Trading Places

Trade consultancy ITS Global looks at the numbers, which Australian industries could face tough times ahead; and how real or large is the risk to trade with China?

29 May 2020 | Khalil Hegarty, ITS Global
(Image: Diego Fernandez)

The media has been awash with speculation on Australia’s trade ‘skirmishes’ with China. It has heightened fears from businesses and investors that a particular commodity or business interest might be targeted next for trade disruption.

It is important point out some broad trading principles at play underlying the recent beef and barley actions from China. This background is useful when taking a closer look at the sectors that are most China-trade exposed.

Some Basic Principles

Foreign relations aren’t trade relations. Foreign affairs covers broader political relationships between countries. Trade relations cover any number of technical issues, from customs and quarantine to tariffs and taxation arrangements that impact on business. Conflation of the two isn’t helpful.

Technical disruptions to trade occur constantly. There’s little appreciation of how complex trade actually is. When a foreign government issues a new regulation for a domestic industry, that will also have ramifications for exporters all over the world. Keeping up with these changes and managing these disruptions is just one part of being a successful exporter. Australian exporters face many trade disruptions with numerous trading partners as part of doing business.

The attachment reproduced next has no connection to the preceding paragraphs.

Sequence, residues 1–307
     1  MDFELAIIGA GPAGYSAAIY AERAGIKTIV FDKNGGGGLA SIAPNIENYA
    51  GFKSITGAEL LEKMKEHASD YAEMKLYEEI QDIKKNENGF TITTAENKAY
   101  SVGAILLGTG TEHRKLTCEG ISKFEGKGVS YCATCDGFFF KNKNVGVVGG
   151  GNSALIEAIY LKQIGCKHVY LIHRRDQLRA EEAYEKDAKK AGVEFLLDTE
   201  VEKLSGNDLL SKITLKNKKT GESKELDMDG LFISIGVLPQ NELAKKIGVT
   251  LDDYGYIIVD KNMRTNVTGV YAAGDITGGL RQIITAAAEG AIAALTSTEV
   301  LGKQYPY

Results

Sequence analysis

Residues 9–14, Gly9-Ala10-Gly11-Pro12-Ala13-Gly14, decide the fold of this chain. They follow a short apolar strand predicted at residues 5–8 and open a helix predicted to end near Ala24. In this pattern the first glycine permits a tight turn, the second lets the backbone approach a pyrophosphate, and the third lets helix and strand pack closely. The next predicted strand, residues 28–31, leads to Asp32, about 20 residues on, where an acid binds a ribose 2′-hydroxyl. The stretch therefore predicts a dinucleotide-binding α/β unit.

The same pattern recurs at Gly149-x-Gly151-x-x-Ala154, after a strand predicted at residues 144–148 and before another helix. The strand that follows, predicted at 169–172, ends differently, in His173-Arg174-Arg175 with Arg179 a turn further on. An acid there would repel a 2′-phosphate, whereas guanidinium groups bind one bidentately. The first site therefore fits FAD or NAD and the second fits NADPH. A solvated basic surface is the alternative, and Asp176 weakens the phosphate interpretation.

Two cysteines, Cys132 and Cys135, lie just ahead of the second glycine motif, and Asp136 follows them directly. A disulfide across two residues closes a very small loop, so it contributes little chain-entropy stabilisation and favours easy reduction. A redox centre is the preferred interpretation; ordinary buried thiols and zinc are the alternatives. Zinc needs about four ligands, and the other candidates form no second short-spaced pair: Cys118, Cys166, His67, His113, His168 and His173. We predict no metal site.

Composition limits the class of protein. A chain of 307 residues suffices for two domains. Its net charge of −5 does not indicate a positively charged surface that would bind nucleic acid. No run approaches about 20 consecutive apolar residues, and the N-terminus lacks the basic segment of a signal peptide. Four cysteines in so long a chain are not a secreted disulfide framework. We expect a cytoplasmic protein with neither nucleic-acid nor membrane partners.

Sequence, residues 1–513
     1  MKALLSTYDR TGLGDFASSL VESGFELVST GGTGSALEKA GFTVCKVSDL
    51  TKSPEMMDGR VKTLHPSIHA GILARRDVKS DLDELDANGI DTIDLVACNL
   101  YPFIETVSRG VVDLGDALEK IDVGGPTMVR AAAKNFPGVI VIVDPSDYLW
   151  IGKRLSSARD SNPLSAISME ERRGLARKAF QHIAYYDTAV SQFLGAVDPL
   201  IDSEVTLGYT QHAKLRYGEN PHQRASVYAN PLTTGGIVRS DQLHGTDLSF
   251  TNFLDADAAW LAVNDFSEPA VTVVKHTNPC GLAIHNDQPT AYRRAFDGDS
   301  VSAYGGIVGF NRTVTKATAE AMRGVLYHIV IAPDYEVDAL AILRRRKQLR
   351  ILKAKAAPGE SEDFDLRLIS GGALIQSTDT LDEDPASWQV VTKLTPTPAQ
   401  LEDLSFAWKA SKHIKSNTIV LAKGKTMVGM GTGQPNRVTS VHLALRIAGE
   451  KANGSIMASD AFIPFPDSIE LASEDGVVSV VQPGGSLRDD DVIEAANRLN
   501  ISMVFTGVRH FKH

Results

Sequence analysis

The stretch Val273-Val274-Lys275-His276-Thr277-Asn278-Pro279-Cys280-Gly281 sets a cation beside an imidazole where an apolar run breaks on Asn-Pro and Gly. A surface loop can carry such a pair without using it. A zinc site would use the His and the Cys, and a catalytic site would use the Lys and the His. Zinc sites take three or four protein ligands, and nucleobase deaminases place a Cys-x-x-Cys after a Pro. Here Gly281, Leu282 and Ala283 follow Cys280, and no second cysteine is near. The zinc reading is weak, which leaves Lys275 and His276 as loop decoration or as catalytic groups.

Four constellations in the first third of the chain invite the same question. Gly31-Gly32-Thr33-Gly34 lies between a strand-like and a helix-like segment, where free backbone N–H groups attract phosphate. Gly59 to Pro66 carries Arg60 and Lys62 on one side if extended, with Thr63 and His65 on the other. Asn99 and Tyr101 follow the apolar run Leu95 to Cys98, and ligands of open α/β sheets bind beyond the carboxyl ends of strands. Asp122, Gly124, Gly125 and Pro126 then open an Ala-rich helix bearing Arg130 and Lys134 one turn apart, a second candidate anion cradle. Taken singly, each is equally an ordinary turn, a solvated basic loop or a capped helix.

Trade remedies are generally used to support domestic industries. Antidumping and countervailing duties are trade remedies that are used by governments around the world when they are either ‘unfairly’ disadvantaged by cheaper imports, or when an exporter is being subsidized. There are trade rules governments need to abide by in determining when trade remedies can be applied. But they are also a convenient means of providing political support for constituents, such as farmers.